A unanimous California Supreme Court ruled Thursday that government information sent on personal cell phones, computers or other devices by local officials and workers is public information and must be disclosed.
“…we hold that a city employee’s writings about public business are not excluded from CPRA (California Public Records Act) simply because they have been sent, received, or stored in a personal account,” said the opinion written by Associate Justice Carol Corrigan.
The 24-page opinion in the case of the City of San Jose vs. the Superior Court (Smith) also said “…there is no indication the Legislature meant to allow public officials to shield communications about official business simply by directing them through personal accounts.“
“I’m absolutely overjoyed,” said Californians Aware General Counsel and public records expert Terry Francke. The decision “set up all of the arguments made by the city and it’s supporters and one-by-one, knocked them down.”
Francke, Voice of OC public records consultant, said “I think all that’s left for public agencies to do is adopt clear policies on when, if at all” employees and elected officials can use personal servers for government business.
The court’s decision is retroactive so existing government information on the cell phones or laptops of local elected officials and workers now is clearly public record and cannot legally be erased.
In recent years, more and more officials, including those in Orange County, used private devices and servers, making it difficult for members of the public and news reporters to gain accesses to documents and correspondence about public business.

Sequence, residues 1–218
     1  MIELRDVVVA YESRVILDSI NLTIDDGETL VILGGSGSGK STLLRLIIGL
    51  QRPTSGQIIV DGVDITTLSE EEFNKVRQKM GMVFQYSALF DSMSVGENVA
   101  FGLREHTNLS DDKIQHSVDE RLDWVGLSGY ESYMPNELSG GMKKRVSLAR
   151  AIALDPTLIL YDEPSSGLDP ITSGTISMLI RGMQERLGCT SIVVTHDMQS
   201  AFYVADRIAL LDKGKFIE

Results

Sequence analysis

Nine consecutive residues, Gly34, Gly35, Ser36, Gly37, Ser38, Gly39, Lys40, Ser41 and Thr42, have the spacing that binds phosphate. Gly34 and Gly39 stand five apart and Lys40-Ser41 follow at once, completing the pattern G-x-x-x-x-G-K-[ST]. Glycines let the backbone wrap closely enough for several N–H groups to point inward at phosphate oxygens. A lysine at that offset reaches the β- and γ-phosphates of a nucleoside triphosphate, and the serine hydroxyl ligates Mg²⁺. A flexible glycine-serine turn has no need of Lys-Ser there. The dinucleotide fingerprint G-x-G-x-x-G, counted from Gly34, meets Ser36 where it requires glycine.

Although the court’s decision has been anticipated for several months, Orange County doesn’t have a plan to immediately implement it, according to county officials.
“…the County of Orange will comply with the ruling and will review its policies and procedures for Public Records Acts requests, ensuring that we continue to provide transparent access to public records,” wrote Carrie Braun, county public information manager, in an email.
The 48-year-old Public Records Act says “access to information concerning the conduct of the people’s business is a fundamental and necessary right of every person in this state.” The act is spelled out in California government code sections 6250 – 6270.5.
Voice of OC reporter Nick Gerda contributed to this story. You can contact Tracy Wood at email@example.com and follow her on Twitter: @TracyVOC.
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